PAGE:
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Small-Businesses Turning Pessimistic on Economy

By Brandon Moseley
Alabama Political Reporter

The National Federation of Independent Business’ (NFIB) Index of Small Business Optimism plummeted in June. According to the NFIB report the disappointing result is a reversal of several months of slow but positive growth.  The June index fell three points, falling to 91.4 and is at the lowest level since October 2011.

The index is composed of ten components.  Only one of the ten showed any improvement.  Labor market indications, spending plans for capital equipment, and inventories were responsible for 40% of the overall decline.

Rosemary Elebash, the state director of NFIB/Alabama, said, “What the survey tells me is that small-business owners are really worried about where things are headed.”

NFIB Chief Economist William Dunkelberg said, “All in all, this month’s survey was a real economic downer.  The economy has definitely slowed; job growth will be far short of that needed to reduce the unemployment rate unless lots of unemployed leave the labor force—no consolation.  Taxes remain a top concern for the small-business community.”

Chief Economist Dunkelberg said, “With the Supreme Court’s endorsement of the individual mandate as a tax in its health care decision, we will have to wait for July’s survey to realize the effect it will have on small-business confidence. With over 20 new taxes contained in the law—a price-tag of $800 billion—and most of the regulations yet to be written by HHS, the implications for employee costs remain unclear.  Uncertainty reigns supreme for much of Main Street.”

June’s report also showed a reversal in earnings trends, chipping in 21 percent of the decline, and expectations for business conditions and real sales gains contributed 40 percent of the Index decline.

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23% of business owners reported that weak sales were their most important business problem, 21% complained that high taxes were their biggest business problem, and 19% reported unreasonable regulations and red tape.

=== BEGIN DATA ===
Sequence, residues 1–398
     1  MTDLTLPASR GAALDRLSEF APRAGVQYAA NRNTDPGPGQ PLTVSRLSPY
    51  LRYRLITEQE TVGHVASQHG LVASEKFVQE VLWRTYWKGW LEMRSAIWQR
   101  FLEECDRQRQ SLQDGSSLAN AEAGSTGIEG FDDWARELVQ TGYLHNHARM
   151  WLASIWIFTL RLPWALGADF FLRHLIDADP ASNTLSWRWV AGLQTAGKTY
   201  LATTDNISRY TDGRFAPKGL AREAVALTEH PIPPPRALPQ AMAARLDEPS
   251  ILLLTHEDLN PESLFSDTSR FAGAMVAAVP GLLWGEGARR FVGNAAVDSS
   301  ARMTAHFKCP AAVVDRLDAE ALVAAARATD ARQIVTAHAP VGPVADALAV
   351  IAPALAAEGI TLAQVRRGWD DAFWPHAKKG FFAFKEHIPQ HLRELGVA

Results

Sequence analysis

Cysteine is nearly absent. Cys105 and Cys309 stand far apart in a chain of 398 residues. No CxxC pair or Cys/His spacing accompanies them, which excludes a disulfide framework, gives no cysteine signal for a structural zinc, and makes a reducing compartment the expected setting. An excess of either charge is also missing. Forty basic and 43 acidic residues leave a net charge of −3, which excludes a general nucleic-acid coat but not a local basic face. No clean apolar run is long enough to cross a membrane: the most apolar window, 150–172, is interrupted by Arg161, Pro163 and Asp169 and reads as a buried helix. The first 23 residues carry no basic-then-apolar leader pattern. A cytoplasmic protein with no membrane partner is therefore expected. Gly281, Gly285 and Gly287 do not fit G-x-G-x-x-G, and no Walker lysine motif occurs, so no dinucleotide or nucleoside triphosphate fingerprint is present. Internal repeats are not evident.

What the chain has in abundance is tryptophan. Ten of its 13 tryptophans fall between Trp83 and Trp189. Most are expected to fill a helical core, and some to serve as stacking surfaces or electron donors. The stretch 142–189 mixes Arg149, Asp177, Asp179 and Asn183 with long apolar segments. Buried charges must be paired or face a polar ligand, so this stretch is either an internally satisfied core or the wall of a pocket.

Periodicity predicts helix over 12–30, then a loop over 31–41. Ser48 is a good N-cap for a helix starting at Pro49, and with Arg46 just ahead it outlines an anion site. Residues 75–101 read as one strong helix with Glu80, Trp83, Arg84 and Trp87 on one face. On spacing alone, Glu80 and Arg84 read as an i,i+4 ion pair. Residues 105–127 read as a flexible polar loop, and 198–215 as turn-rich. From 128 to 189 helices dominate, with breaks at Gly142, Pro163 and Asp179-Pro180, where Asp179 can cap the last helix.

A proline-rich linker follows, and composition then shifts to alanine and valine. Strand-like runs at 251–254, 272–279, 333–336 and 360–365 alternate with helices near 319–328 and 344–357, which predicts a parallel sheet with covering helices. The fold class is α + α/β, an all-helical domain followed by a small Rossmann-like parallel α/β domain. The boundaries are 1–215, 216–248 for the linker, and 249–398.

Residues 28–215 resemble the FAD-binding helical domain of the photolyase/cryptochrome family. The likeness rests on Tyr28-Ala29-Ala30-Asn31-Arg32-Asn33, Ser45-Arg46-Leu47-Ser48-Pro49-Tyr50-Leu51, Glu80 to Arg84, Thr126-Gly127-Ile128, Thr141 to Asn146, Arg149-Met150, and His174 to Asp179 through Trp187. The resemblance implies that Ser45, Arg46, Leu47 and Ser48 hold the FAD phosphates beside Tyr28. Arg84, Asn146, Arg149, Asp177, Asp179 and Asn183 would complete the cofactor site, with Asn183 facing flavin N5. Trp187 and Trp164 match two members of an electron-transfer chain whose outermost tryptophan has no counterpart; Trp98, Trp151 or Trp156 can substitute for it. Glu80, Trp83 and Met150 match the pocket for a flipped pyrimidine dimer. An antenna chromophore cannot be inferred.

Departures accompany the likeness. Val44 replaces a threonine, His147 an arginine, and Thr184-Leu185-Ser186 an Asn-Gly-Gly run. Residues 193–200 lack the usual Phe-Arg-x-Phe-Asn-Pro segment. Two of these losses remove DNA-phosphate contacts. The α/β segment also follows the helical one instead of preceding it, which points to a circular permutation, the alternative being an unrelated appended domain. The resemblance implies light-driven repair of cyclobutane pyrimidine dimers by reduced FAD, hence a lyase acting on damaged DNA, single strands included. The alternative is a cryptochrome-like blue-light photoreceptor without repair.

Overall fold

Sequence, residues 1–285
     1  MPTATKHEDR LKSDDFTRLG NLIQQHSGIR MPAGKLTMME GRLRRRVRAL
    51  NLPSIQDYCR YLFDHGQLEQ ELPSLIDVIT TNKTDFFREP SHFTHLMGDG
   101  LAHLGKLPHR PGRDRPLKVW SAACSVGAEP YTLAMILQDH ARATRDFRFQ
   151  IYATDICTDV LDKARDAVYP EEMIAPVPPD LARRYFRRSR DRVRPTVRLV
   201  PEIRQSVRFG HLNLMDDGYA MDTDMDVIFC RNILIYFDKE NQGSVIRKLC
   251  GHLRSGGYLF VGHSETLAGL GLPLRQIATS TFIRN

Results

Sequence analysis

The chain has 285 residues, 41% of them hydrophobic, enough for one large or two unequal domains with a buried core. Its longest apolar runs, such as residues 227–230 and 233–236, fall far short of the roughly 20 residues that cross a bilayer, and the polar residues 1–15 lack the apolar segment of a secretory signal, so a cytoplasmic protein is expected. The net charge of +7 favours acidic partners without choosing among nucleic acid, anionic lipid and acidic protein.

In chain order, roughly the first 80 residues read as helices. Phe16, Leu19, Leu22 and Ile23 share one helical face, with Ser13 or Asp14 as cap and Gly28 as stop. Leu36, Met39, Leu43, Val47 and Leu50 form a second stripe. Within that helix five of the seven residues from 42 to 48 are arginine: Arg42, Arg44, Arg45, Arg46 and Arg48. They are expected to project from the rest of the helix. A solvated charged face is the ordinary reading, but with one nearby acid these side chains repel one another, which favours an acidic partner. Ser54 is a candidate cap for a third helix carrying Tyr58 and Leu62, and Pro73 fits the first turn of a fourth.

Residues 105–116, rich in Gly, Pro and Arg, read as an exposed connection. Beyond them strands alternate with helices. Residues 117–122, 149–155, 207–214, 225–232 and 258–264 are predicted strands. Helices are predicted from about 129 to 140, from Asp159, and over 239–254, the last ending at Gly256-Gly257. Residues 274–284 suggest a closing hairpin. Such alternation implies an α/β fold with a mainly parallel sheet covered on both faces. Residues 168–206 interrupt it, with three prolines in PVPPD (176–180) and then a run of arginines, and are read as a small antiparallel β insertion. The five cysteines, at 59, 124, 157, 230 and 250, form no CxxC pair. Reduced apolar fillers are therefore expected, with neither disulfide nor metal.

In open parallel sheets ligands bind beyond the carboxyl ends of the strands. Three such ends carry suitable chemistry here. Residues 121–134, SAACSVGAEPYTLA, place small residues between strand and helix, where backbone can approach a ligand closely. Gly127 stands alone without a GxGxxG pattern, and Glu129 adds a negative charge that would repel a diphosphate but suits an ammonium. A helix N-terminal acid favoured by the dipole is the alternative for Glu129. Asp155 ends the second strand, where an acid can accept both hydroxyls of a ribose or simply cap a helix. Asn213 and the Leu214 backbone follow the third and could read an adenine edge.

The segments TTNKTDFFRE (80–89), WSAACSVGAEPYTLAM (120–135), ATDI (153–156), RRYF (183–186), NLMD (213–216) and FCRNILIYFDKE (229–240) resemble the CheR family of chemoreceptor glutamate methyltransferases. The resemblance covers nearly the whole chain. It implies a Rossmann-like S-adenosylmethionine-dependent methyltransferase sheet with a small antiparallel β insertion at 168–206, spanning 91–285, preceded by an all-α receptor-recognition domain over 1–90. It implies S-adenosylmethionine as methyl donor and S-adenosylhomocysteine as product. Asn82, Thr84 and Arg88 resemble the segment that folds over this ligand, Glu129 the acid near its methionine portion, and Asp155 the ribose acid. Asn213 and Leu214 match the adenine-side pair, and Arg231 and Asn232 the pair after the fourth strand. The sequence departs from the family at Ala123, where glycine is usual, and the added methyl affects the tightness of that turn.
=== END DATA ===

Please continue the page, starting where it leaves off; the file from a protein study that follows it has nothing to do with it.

June’s Optimism Index reported that Capital Expenditures dropped 3 percentage points to 52%.  Of the business owners who were reporting that they were making expenditures, 37% reported spending on new equipment (unchanged), 18% purchased or leased new vehicles (down 6 percentage points), and 11% improved or expanded their facilities (down 3 percentage points).  5% acquired new buildings or land for expansion (down 2 points).  13% spent money for new fixtures and furniture (unchanged). The percent of owners planning capital outlays in the next 3 to 6 months dropped 3 points to 21%. Only 5% said that they thought that now was a good time to expand facilities (down 2 points). Most business owners said that they were not expecting better business conditions in the next 6 months.  25% expect business conditions to deteriorate in the next six months.

The net percentage of owners reporting higher nominal sales over the past three months lost 7 points, falling to -5%. 26% reported higher sales in the past quarter while 28 percent reported lower sales. 29% expect sales to improve in the next quarter (down 7 points from April).  25% expect sales to declines (up 4 points). The NFIB concludes that these low expectations will not lead to job creation or inventory investment.

Job creation numbers turned negative for the first time since December.  The net change in employment per firm was -0.11. Just 9% of owners added an average of 2.6 workers per firm in the past few months, however 12% cut workers by an average of 2.8 workers. The other 79% reported no net change.  Only 15% of business owners reported having hard to fill job openings.  This is down 5 points from April and suggests that the nation’s unemployment rate will rise. Only 10% report that they plan to add workers in the next quarter (down 7 points from April).  6% report that they are planning to cut workers in the next quarter (up 1 point).

The report is based on the responses from 740 randomly sampled small businesses belonging to NFIB  surveyed throughout the month of June.

The National Federation of Independent Business is the #1 small-business association in both the United States and in the state of Alabama. The NFIB is a nonprofit, nonpartisan organization that was founded in 1943.

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Written By

Brandon Moseley is a former reporter at the Alabama Political Reporter.


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